3DVA Learning to say no blog

Is it time to take back control of your workload?

You care what people think and you don’t want to let others down so when they ask you to do something you find yourself saying yes, even though it’s not your job, you haven’t time, or you would much rather be doing something else. You are a people-pleaser.

We may feel pressure to say yes for several reasons: to be nice; to avoid rejection; to gain approval; or to avoid conflict. It is natural that we want to be liked. We are taught as children to help others, as a Brownie every week I promised to help other people (as well as to do my duty to God and the Queen!)

Do you find yourself doing work for free? Does your work pile up while you’re busy helping others? If someone else says I know the perfect person to help and gives your name then it’s flattering, but you have been set up. How can you say no now? If you don’t live up to those high expectations, you may feel you will be a failure.

In her book The disease to please – Curing the people-pleasing syndrome, Harriet B Braiker Ph.D says “The diseased to please is a compulsive – even addictive – behaviour pattern. As a people-pleaser, you feel controlled by your need to please others and addicted to their approval. At the same time, you feel out of control over the pressures and demands on your life that these needs have created.”

Why it is hard to say ‘no’

If you are asked to do something it can be hard to say no. You might be afraid of how the other person will react. You want to make them happy but saying yes and not delivering would be worse. And taking on something that impacts your other commitments is not good either.

You can’t do everything, or you will burnout, so you must make choices and decide to say no to some things. Consider the costs, time and money, along with the other opportunities that you won’t be able to take on because of this. Think about your priorities and only say yes if they won’t be negatively impacted.

“If you don’t prioritise your life someone else will” Says Greg McKeown, in his book Essentialism: The Disciplined Pursuit of Less. “His advice is to separate the decision from the relationship. “When people ask us to do something we can confuse the request with our relationship with them. Sometimes they seem so interconnected, we forget that denying the request is not the same as denying the person. Only once we separate the decision from the relationship can we make a clear decision and then separately find the courage and compassion to communicate it.”

Not saying ‘no’ drains time and energy.

Sometimes it feels easier to say yes, anything for a quiet life! You’re asked ‘Will you just answer this short survey…?’ half an hour later you realise this was not the best way to spend your time.

Saying no can be the right thing to do for you and sometime also for the person who is asking. Say it clearly and kindly. Dragging out saying no, being non-committal or unclear is worse, especially if the requester thinks you’ve said yes when you haven’t. Just ignoring the situation wastes your time and theirs, it will remain hanging over you until you do give a clear no and the confusion potentially could spoil your relationship.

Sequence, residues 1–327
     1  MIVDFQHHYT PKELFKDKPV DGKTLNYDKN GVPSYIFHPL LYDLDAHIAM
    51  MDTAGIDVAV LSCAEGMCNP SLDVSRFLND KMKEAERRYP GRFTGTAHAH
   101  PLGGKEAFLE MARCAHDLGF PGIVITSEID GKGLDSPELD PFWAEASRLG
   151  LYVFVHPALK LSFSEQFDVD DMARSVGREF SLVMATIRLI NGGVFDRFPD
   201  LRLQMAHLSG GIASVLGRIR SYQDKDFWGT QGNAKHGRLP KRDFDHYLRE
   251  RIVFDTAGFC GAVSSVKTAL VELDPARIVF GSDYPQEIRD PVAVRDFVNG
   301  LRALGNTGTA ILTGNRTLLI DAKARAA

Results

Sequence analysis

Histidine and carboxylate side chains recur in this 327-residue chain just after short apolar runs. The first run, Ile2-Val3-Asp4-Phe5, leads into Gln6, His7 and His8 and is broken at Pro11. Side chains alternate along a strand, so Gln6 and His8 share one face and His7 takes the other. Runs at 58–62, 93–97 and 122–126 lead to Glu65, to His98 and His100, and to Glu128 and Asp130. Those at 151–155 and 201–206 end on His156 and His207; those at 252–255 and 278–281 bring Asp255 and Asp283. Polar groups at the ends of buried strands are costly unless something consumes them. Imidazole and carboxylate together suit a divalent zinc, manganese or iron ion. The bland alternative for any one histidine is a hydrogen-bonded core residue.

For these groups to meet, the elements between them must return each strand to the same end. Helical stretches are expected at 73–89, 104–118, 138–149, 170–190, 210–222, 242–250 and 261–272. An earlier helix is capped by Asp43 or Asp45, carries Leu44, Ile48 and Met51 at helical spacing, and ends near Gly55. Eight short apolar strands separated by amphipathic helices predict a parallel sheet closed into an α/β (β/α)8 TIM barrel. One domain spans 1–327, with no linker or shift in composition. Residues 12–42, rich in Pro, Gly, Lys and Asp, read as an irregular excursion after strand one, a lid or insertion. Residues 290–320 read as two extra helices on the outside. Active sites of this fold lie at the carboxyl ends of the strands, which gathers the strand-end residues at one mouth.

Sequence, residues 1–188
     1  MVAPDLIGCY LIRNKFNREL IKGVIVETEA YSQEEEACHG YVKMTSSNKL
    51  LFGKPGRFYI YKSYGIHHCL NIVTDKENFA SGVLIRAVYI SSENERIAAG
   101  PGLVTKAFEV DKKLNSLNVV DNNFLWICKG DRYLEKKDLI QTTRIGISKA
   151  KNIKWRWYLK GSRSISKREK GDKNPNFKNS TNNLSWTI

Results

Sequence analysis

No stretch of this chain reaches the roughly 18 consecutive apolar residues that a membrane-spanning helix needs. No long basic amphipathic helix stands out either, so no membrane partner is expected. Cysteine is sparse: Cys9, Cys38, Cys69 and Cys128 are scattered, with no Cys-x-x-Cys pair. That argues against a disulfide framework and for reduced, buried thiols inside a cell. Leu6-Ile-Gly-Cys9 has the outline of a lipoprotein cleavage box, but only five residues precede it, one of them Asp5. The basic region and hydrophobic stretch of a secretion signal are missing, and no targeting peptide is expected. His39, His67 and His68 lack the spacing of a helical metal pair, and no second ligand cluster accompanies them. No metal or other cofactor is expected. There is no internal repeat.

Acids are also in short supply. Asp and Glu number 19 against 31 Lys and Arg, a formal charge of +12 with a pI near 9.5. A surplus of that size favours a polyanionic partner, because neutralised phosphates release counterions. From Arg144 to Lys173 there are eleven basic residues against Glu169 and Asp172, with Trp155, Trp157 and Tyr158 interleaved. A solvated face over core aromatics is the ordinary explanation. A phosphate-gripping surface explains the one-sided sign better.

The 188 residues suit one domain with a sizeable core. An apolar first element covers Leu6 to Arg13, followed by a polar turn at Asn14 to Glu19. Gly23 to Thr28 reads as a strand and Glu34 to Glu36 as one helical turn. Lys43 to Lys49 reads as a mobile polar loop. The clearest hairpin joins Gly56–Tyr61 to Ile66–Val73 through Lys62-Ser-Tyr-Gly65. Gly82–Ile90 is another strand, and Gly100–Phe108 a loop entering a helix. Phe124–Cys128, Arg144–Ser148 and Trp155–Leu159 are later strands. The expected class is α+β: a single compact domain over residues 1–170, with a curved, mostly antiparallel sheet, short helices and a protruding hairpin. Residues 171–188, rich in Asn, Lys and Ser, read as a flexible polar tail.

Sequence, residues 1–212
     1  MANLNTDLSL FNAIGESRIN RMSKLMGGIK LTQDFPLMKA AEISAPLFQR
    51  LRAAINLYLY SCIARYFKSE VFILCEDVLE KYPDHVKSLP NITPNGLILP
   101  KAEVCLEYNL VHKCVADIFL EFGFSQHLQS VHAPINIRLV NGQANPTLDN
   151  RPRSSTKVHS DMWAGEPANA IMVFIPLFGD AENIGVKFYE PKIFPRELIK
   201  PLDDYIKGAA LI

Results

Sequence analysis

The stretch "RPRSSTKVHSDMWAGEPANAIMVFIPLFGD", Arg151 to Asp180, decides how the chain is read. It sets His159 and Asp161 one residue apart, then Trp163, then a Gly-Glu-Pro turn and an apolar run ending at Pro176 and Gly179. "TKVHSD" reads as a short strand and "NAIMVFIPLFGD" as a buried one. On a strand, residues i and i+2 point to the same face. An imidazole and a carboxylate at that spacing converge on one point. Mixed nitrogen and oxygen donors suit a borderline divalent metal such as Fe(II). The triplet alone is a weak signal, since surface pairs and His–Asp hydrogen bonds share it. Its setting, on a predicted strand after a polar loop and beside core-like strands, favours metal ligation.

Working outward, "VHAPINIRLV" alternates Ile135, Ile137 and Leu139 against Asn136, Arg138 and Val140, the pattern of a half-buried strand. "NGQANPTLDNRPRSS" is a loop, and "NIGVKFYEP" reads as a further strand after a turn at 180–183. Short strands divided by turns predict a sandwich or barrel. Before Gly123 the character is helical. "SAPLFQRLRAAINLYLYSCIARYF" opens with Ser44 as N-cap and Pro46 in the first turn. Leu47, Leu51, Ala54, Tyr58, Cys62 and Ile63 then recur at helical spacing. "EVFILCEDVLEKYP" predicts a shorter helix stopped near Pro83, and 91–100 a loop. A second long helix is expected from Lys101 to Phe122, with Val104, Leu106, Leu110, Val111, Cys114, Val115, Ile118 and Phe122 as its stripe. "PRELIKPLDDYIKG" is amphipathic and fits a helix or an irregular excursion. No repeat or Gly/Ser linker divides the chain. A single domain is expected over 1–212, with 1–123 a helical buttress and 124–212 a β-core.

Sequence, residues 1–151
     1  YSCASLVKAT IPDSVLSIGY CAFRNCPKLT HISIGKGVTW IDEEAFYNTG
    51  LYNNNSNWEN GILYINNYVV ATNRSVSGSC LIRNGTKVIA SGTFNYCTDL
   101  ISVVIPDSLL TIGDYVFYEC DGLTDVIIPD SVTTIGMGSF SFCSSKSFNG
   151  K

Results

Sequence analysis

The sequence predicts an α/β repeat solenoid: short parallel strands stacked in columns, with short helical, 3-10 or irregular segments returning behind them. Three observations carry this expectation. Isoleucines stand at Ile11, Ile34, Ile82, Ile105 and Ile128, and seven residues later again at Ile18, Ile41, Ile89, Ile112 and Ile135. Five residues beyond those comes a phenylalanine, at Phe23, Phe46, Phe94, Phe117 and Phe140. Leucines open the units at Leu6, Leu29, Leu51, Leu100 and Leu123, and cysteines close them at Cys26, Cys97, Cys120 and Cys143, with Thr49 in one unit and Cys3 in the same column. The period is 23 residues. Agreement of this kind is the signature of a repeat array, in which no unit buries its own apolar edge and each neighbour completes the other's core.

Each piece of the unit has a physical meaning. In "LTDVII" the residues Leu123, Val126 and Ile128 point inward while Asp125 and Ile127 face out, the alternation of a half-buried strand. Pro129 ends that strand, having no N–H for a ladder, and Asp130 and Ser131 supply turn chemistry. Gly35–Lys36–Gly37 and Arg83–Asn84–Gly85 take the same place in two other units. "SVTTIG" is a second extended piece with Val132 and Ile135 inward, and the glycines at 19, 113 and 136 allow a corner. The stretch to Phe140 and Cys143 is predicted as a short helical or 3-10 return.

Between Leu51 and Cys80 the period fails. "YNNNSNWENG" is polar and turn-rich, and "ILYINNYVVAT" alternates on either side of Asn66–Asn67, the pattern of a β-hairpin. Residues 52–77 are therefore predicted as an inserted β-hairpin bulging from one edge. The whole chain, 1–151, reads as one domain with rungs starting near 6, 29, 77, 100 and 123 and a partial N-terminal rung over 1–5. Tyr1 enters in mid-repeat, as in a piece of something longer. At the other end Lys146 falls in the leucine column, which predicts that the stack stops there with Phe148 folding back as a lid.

How to say no

Do:

Just say no – no thanks.

Be clear – I can’t.

Be honest – I don’t really enjoy doing that.

Give reasons to help the other person understand you’re not just being selfish – Thanks for thinking of me but I have too much on right now.

Trust your gut and be assertive. If you don’t feel comfortable, you’ll probably regret taking it on. Don’t feel bullied into agreeing to something that you don’t want to do.

Don’t:

Be afraid to say no.

Make up excuses you might get caught in a lie.

Feel guilty it’s your time and it’s precious just say no, say it politely but firmly.

Just because you said yes before doesn’t mean you have to do everything someone asks of you. Saying yes all the time, as a way to keep people happy and make them like you, doesn’t really work. They probably won’t appreciate what you are giving up to help them out and may end up taking you for granted. Also watch out for those that are always asking others to do things, always just taking and not helping others in return. Avoid these people!

Solution-focused responses

You may be able to help in a way that will mean the other person gets what they need without you having to do what they are asking now.

Have you tried doing this instead?

I can recommend someone else.

I can’t do it now but next month when I’m less busy I can help.

I can’t help with this but if there is something else let me know I may be able to do that instead.

If you are doing another thing for them, for example, if it’s a client asking, say … I can do this if I stop or delay something else, ask them to choose.

Setting boundaries if you say ‘yes’

Negotiate. Agree to do some of the work or, if possible, spend some time showing the person how to do it so that they won’t need help in the future.

Define the work. Be clear about what it is you will do and only do that. Scope creep is where extra work keeps getting added on and therefore will just eat up more of your precious time.

Remember you can always change your mind. If circumstances change, if something else comes up, if the requirements change and it’s not what you originally agreed to, then say no, I can no longer do this.

If there’s something you need to outsource, to get off your plate, maybe 3DVA can help? Contact me for a chat.

Learning to Say ‘No’ constructively